Jump to content

Maestro, please. - The Low Down (grille)


Recommended Posts

My Parents had an F plate Maestro, I remember picking it up with them in 1989 from Charles Clarke in Wolverhampton,  they part exchanged an Ital estate and drove away in a brand new motor!  Within 5 years or so the rear arches had rotted and needed replacement, they also enjoyed multiple FTPs normally related to the fuel pump. Soldiered on until it was 12 and I weighed it in. It was basically a crap car, but I'd love another just for old times sake. 

Link to comment
Share on other sites

One of the earliest cars of my mothers that I remember was an F-plate Maestro, it was beige, can't remember the reg - it would have been a low-spec model for sure. I vaguely remember driving to Nottingham for it, I think we traded in her old FSO Polonez. This would've been the late 90s some time. Had it for a couple of years and then sold it second hand when my dad started getting company cars and mum inherited his Primera, around 00/01.

Link to comment
Share on other sites

That ZX estate looks great.  


The garage looks pretty damned good too.  What's the room above it, is it habitable? I'd love to put an office room above a garage in our garden, but the chance of getting planning is less than zero.

Link to comment
Share on other sites

Very nice indeed. The Maestro was in Buckingham, which is an hour's drive up the A413 from where I live. It was up for pocket money and I saw the ad within minutes of it being posted, well before anyone responded. I thought about buying it but I have no affection for Maestros and it's too late to start a relationship now, hence I kept my hands in my pockets.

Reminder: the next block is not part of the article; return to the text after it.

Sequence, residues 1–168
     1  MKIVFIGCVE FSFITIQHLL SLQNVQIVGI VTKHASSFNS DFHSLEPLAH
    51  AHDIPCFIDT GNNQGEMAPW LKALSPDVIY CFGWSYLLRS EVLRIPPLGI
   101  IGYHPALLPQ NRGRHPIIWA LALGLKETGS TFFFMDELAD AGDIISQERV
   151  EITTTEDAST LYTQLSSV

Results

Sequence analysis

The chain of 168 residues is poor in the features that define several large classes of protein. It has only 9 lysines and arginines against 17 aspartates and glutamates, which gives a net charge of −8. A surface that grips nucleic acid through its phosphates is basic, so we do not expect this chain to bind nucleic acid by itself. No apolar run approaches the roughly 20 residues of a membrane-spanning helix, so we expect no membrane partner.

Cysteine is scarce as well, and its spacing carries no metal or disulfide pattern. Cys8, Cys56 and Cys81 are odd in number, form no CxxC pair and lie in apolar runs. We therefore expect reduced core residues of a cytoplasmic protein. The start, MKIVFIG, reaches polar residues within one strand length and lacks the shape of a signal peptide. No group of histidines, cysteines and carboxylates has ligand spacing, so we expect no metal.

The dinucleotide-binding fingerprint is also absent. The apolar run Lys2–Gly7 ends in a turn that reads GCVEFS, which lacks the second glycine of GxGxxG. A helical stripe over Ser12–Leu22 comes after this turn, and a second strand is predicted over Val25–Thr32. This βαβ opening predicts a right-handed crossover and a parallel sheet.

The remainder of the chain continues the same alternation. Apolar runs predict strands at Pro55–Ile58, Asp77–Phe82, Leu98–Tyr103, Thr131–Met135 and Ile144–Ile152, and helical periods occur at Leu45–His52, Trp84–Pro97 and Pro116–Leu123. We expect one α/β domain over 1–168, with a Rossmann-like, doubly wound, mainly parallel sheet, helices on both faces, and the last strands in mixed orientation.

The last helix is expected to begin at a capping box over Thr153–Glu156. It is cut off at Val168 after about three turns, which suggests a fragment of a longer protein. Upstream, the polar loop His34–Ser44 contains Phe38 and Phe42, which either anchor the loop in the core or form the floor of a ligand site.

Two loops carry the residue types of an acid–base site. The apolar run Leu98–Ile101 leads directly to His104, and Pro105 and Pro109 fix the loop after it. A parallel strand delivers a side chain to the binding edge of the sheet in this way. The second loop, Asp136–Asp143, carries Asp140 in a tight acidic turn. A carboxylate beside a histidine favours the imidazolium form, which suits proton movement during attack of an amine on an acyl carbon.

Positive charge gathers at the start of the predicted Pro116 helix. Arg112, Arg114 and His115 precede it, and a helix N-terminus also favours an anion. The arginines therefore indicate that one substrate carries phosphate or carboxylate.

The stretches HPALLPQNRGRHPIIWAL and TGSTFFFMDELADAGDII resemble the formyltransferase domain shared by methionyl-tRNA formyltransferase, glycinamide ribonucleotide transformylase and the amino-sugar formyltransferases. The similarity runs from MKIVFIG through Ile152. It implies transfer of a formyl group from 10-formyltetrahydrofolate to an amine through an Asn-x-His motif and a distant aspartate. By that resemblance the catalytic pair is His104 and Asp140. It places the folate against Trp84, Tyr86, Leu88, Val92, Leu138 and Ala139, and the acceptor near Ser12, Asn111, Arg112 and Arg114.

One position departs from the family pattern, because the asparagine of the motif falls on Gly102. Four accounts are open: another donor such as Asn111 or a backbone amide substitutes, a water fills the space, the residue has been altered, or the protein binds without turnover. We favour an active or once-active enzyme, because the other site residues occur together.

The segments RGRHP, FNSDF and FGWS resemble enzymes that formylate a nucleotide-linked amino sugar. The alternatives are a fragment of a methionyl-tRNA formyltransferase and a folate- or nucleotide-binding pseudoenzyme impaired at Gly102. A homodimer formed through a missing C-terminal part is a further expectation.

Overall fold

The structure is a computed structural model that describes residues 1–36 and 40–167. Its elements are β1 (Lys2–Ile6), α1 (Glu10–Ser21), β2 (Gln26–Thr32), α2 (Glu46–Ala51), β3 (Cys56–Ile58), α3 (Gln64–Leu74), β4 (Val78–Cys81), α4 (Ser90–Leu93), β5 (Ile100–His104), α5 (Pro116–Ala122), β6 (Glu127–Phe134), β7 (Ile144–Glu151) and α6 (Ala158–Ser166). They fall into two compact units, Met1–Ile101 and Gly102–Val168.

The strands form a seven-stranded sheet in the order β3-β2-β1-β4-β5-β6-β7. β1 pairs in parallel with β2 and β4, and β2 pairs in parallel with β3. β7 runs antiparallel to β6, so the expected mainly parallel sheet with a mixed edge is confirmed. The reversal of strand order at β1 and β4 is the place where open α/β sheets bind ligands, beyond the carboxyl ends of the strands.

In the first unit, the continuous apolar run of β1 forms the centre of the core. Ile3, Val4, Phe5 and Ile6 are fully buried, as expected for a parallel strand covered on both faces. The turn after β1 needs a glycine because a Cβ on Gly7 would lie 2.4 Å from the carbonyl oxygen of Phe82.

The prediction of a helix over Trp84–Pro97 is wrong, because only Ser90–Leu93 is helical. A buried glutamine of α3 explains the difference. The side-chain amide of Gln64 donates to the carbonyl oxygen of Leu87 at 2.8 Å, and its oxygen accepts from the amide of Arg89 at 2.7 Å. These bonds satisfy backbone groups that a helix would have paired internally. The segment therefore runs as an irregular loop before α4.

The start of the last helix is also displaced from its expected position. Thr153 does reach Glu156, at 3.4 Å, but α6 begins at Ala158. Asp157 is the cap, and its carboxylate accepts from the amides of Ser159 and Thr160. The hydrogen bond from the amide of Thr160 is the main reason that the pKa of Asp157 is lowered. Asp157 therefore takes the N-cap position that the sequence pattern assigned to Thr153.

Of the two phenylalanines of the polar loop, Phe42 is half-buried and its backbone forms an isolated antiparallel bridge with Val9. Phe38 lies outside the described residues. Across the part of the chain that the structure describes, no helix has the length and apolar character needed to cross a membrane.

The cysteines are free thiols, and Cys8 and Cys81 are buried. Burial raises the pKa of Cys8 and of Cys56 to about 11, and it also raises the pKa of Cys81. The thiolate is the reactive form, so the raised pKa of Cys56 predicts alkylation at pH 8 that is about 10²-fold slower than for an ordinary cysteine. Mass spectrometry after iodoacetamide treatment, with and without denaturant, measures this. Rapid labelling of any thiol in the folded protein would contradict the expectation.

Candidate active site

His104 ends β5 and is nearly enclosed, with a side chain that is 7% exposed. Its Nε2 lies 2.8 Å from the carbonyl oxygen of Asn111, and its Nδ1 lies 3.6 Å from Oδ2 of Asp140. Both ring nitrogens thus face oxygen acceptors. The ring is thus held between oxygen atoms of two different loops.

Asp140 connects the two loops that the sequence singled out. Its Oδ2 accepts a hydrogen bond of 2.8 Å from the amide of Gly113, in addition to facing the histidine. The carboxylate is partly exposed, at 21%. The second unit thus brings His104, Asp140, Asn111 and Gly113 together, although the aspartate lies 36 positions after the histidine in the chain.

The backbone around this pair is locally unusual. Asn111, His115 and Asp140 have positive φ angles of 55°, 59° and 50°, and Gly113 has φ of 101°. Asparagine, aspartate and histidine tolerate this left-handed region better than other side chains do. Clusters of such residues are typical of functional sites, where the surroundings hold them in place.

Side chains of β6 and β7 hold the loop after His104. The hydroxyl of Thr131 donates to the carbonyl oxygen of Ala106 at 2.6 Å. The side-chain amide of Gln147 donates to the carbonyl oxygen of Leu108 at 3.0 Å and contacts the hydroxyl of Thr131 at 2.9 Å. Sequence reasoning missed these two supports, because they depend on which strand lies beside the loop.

Any chance of you posting more about your S124 please? 

Link to comment
Share on other sites

4 hours ago, loserone said:

That ZX estate looks great.  


The garage looks pretty damned good too.  What's the room above it, is it habitable? I'd love to put an office room above a garage in our garden, but the chance of getting planning is less than zero.

The ZX TD Avantage estate is a fully working car in use. We have had it for 9 years. 

The room above the garage is a guest bedroom, unfortunately it restricts height in the garage so we can't have a lift.

I have my study on the ground floor, but in the crook between the original house and the garage so I have a restricted view of the cars on the drive. However this week the Maestro has been in prime spot outside my window for me to ogle at.

IMG_20201208_135451 broad.jpg

Link to comment
Share on other sites


Maestro has landed.  Initial impression is that it's actually better than anticipated and while it does have some of the usual Maestro foibles (see headlining, or you will tomorrow) it wears its copious miles remarkably well.  @worldofceri very professional and unloaded and parked it up for me in no time, also demonstrating the Maestro starts up and runs just fine, a bit of fettling will see improvement there no doubt.  Can't take it out tonight, and even if I could I'm not sure I'd want to since freezing fog isn't my favourite weather.  Did a quick run through of the various controls and everything seems to work just fine, as you'd expect of a car that's just been MoT'd really.

I love it's miserable little face, looks right at home with the Princess.  Weather makes it look like I've gone a bit mental with the fog machine but that's the best my camera can do tonight.



I did wipe the steering wheel and other controls down before fiddling with stuff, Covid precaution stylee, and nothing came off on the cloth.  Kinda weird buying a car with a clean steering wheel.

Link to comment
Share on other sites


I have a very big, very soft, spot for Maestros. My brother - in the days before he was a millionaire - ran a Green clubman with much charm and myriad faults. I drove it once in 2000 and couldn’t believe how much people slagged them off. It was better than my Metro in every conceivable way! 

The fact you’ve been able to buy this at y2k prices is testament to what a great place this is. 

Link to comment